She lived on the coast of Baja California when the land was free of boundaries and borders, when nothing was named as we know it today. It was one vast untouched land that stretched out forever and it belonged to no one. Those who found her, called her Mujer de Humo, The Woman of Smoke. She was a holy woman and carried a sacred pipe. Her story instantly captured me and would not let me go until I sat down to write.
There is a science to her story of course. It started when ground breaking for new development uncovered an ancient burial site. The land was once a lovely marine terrace overlooking the Pacific, north of Ensenada. Ancient discoveries fascinate me and I often wonder what it would have been like to have lived so long ago. We might think of it as harsh, because today we have something to compare it to. This woman simply lived with the land the way it was without modern stresses we have today.
Terra Peninsular, a nonprofit organization based in Ensenada, shared two geological abstracts by Raúl Valadez and Danilo Drakic Ballivién, written between 2006 and 2008. These gave an introduction to the archaeological work they had been doing. Earth moving equipment had disturbed this burial site and by law the developer was required to cease all work for a period of time due to the historic significance. The research team had only a certain amount of time in which to gather as much information as possible. What they encountered surprised even them.
There were two marine terraces investigated. Living spaces, called “middens” were evident for food preparation and grinding seeds. Twenty-one metates were found, as well as hundreds of points, hammers, scrapers, knives and blades. A third area revealed discarded materials and remains of seals, sea otters, shark, whale, fish, deer, rabbits and birds. Canine skeletons were found in living spaces, suggesting that the early coyote-dog breed had domestic status.
The most exciting find were the six interments from three distinct time periods. Four females and two males were discovered ranging in ages from 20 to 40. A six year old child was one of the three earliest inhabitants. No one knows for sure when the first people came to live here, however the research team was able to date some of the remains back to 5300BP and a cranium was found to be of the Paleoindian group. These remains were almost completely fossilized. The first people were specialized hunters on land, but did not appear to be skilled in hunting marine life.
Two women were from the middle occupation in 4610. The archeologists found that since the very early times, “a sacred space has been considered an appropriate place to leave the dead in their eternal rest. Based on the discovery of distinct individuals and specific offerings for each, it was seen that the different groups used the defined sacred area for their burials.”
What a thrill it must have been to uncover Mujer de Humo, who was from the late occupation and interned 800 years ago. She was given the name Mother of Smoke because she was buried with her sacred pipe. She was 30 years old, laid gently to rest and not tightly bound in the traditional way. She was found in the area where ceremonies were performed. This was significant in archeological records as her remains lay very near a wooden pole. Kiliwa and Paipai groups performed ceremonies around a sacred pole. It is said that it helped them to connect with the spirits. Mujer de Humo was also buried with her two canine companions and a ceremonial stone tablet.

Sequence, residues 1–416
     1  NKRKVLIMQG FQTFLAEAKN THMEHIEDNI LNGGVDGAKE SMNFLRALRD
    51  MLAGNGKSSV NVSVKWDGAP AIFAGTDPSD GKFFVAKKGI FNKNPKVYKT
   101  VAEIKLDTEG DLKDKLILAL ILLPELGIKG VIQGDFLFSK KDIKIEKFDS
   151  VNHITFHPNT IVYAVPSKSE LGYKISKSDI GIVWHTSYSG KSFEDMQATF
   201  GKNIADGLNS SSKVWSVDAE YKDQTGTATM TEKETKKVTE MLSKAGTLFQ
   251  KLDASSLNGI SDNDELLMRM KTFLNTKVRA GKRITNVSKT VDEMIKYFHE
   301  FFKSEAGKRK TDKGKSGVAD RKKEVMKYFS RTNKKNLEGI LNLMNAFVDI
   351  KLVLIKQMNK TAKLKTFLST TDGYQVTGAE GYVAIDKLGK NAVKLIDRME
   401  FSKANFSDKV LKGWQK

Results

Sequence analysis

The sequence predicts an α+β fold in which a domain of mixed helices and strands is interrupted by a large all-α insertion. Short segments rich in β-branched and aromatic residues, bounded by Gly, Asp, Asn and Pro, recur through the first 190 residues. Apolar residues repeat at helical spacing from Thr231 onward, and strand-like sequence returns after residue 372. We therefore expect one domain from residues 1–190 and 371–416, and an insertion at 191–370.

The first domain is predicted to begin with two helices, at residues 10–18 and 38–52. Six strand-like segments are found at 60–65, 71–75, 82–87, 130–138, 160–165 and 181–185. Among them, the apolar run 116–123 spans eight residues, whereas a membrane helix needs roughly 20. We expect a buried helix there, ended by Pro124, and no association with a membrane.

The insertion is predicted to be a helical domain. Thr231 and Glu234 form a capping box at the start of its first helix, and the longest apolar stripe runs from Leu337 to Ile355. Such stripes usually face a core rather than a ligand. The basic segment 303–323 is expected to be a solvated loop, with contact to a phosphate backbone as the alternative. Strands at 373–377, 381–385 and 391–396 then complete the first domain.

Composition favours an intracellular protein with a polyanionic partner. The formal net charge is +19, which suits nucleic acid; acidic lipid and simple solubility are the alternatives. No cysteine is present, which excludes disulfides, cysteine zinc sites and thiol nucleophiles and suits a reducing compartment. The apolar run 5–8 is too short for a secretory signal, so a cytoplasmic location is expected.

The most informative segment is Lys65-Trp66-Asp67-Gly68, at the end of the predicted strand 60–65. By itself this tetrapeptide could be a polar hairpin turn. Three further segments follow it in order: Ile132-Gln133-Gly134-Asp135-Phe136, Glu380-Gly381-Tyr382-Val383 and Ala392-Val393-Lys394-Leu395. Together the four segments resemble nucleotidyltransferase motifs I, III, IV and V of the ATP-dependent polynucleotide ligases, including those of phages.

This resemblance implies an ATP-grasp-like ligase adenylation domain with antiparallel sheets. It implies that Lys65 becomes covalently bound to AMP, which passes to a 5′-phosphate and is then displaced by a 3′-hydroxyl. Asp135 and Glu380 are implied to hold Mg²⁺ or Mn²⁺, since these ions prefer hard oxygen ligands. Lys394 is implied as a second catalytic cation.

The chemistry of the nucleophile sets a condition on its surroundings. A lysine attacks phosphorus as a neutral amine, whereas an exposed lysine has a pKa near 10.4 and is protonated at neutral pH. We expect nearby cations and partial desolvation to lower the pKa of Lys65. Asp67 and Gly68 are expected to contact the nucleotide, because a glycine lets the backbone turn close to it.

Mujer de Humo walked here over 800 years ago. Science discovered her, sifted through the burial site, carbon dated her remains, but they will never make her bones come alive. We will never hear her voice or her sacred songs, but one can imagine how she spent her days in this pristine environment.
She gazes at the sparkling ocean filled with abundant life and listens to the surf breaking against black volcanic rocks. The sky, a brilliant blue clarity, backdrops the flash of white as a seagull flies by. There can be no doubt that she swam in the sea to collect the tiny abalone with its delicate, sweet meat. The castoff shells are still found in abundance 800 years later. At night this woman gazed at the same full moon we know today. Without ambient light the blazing star- studded heaven was fully reflected. An open fire warmed her at night as she sat closely with friends, while they boasted about the catch of the day.
Near what is now modern Highway 1, Mujer de Humo walked through the coastal scrub; her two faithful canine companions bounding off to chase after a rabbit. She would know where to find the fragrant white sage for her ceremonial pipe; the sacred knowledge of its healing benefits were passed on to her by the elders. On her long silent walks she watched the vulture soaring on the thermals. The breeze softly spoke to her as she moved through great stands of agave. The agave was an important source of food and fiber for weaving nets and fishing lines. During the blooming season the agave’s tall shaft with a mass of yellow flowers at the top, exuded a sweet nectar. The people collected the aquamiel, drinking it with gusto. This juice fermented naturally into a drink called pulque.
Her people told stories that kept the ancestors alive. This oral tradition was the way they taught their children the ancient wisdom of survival in the pristine wilderness. Around a night fire with a few cups of pulque and laughter, romances were sure to develop. Mujer de Humo lived a rich and full life in her 30 years. She experienced being respected and loved by her people for her soothing gift of sacred smoke.
Danilo A. Drakíc Ballivián
Centro INAH Baja California
AMMVEPE Vol. 22 No. 6 Diciembre 2011
Permission for use of the picture of the pipe was given by a representative of the Mexican Government, Luis Delgado.